Local Dance Communities Need to Champion Their Own Identities

Felicia Rosenfeld, Director of Programming, Pentacle

Having lived and worked now in Los Angeles for almost seven years, I have listened to many Los Angeles dance stakeholders talk about what the Los Angeles dance community needs: more companies of national touring capacity and caliber; more presenters and funders of dance—like there are in San Francisco, Chicago and New York; larger audiences; more national and international recognition of Los Angeles based dance makers, etc. Conversely I have heard dance stakeholders not based in Los Angeles talk about how there is no dance in Los Angeles; there are not enough dance presenters in Los Angeles; or that most choreographers or dancers who are “serious” just want to leave Los Angeles and move to a real dance city like New York. I say enough! I challenge local, regional and national (and even international ) dance stakeholders, including: independent artists, companies, funders, government agencies, presenters, consultants, academics and everyone in between to take a deep breath and start again from a new perspective.

Local communities, despite the “mall-ization” of America, have their own unique cultural fabric, identity, politics, creative inspirations and social economies. Dance makers and their non-performing partners/champions live and work in these communities, creating and presenting work influenced by the environments in which they immerse their lives. We are creating work, teaching, engaging community. Some long to bring their work to other communities, some do not. A still often quoted definition of success that includes many weeks a year of touring, and being able to live only off of presenting concert dance is one that has become anachronistically narrow, and if you really listen to most dance makers, not really a correct one anymore. A broadened definition of artistic and organizational success creates exciting possibilities and helps feed a richer dance culture. In Los Angeles, the lack of traditional presenters of dance frees artists and dance groups from an established path to success that exists in other cities. Dance entrepreneurs have found new avenues for presenting work: casebolt & smith presented six weekends as their home season; local festivals such as Celebrate Dance and L.A. Dance Festival string beads of shared programming; Heidi Duckler Dance Theatre presents site specific work throughout L.A. County, just one example of L.A.’s cohort of artists creating works in non-traditional venues. Los Angeles provides an unusual marrying of the commercial and non-profit dance worlds. Companies such as blue13 and String Theory easily move back and forth performing amongst corporate, concert and commercial entertainment settings. There is a rich dance palette celebrating Los Angeles’ diversity from culturally specific work, to work exploring cultural diaspora, to work rooted in the immigrant experience. Despite voices raised that Los Angeles should learn from Chicago or New York, the Los Angeles dance community continues to creatively find ways to nurture and grow its own unique voice—perhaps without even realizing it, certainly without celebrating that uniqueness. We need to work on stabilizing and growing the dance community within the context of Los Angeles and its own set of socio-cultural realities.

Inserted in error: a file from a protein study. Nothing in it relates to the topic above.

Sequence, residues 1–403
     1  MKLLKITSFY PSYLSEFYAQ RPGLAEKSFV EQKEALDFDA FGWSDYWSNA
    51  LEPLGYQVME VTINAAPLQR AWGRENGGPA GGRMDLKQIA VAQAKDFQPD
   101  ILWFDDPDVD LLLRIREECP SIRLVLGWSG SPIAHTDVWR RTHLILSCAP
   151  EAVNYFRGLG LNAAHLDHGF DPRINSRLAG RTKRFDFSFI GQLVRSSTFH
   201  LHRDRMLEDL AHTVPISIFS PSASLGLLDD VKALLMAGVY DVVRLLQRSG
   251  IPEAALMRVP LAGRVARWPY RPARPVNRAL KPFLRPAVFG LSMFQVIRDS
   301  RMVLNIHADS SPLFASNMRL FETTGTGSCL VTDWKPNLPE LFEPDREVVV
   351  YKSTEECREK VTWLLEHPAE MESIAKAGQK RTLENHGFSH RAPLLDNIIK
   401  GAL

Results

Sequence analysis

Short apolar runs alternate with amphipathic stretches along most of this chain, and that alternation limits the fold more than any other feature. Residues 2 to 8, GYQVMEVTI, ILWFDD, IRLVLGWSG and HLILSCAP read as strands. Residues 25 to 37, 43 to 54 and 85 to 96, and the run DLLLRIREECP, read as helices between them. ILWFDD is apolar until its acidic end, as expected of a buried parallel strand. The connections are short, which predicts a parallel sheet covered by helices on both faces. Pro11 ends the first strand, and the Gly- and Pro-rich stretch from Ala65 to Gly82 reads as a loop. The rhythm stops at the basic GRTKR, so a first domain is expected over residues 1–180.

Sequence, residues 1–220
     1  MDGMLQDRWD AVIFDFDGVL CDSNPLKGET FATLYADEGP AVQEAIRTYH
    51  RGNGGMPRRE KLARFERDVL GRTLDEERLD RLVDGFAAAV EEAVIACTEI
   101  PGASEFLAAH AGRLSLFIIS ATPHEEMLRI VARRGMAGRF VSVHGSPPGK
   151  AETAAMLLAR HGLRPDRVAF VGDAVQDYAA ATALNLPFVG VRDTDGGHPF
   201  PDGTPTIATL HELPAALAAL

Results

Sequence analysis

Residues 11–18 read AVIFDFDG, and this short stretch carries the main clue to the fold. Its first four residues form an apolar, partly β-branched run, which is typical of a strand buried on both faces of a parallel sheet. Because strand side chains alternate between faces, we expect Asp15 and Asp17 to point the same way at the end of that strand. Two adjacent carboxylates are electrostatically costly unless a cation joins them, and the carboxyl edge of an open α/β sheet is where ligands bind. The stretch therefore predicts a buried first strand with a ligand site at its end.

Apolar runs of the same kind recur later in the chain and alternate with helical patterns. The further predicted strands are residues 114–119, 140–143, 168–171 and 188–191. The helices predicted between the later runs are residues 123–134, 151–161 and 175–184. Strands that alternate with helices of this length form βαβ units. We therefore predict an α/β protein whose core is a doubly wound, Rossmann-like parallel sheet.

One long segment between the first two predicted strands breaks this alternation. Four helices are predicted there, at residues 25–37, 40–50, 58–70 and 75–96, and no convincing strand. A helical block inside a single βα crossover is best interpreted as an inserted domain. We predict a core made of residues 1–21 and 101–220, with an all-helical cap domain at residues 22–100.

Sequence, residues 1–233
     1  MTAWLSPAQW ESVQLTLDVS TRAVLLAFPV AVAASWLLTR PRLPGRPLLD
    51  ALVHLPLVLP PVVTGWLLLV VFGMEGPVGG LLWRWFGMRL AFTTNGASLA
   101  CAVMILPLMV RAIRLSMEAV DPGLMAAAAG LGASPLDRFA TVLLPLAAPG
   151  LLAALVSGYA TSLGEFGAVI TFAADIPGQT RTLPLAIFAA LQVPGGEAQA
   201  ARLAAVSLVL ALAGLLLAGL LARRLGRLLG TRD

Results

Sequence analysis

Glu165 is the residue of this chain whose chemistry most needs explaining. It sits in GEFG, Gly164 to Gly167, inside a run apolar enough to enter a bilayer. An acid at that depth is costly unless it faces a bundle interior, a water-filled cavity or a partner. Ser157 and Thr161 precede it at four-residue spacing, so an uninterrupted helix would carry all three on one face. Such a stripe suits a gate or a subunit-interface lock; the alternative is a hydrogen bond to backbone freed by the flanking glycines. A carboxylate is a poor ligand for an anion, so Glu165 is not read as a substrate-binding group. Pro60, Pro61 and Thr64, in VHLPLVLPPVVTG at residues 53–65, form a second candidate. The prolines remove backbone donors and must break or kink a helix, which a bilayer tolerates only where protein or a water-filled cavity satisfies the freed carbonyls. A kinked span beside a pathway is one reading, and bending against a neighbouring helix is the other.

Los Angeles is probably representative of most other U.S. cities with vibrant yet under-appreciated or un-highlighted local dance environments. Houston, Cleveland, Atlanta, Miami, Denver, Portland all have their own dance communities that play important roles in the overall cultural fabric of those cities. Dance groups in local and regional communities live and thrive as part of those communities, rarely traveling out of state or region. These groups are the fabric of the local dance community. They contribute to the cultural economy of each city or region, and should be championed as such.

Instead of focusing on creating national touring companies, dance groups and choreographers should be guided in finding paths to success individually, in ways that support their home communities (as well as allowing those who hope to tour follow their dreams). Local and regional dance communities should be supported and celebrated for the important contributions they make to the overall culture of a village, town, city, county or region. Dance communities should not be viewed through a New York lens or a narrow definition of what constitutes a successful dance “scene.” Rather dance stakeholders should observe their colleagues and participating artists for who they are, what is unique about them, where their talents and possibilities lie in the larger context of their communities. As we travel to the 2013 Dance/USA conference, I am eager to hear from dance makers and champions from around the nation to learn more about what is happening local dance communities and to see what they might be doing to shake up the status quo.

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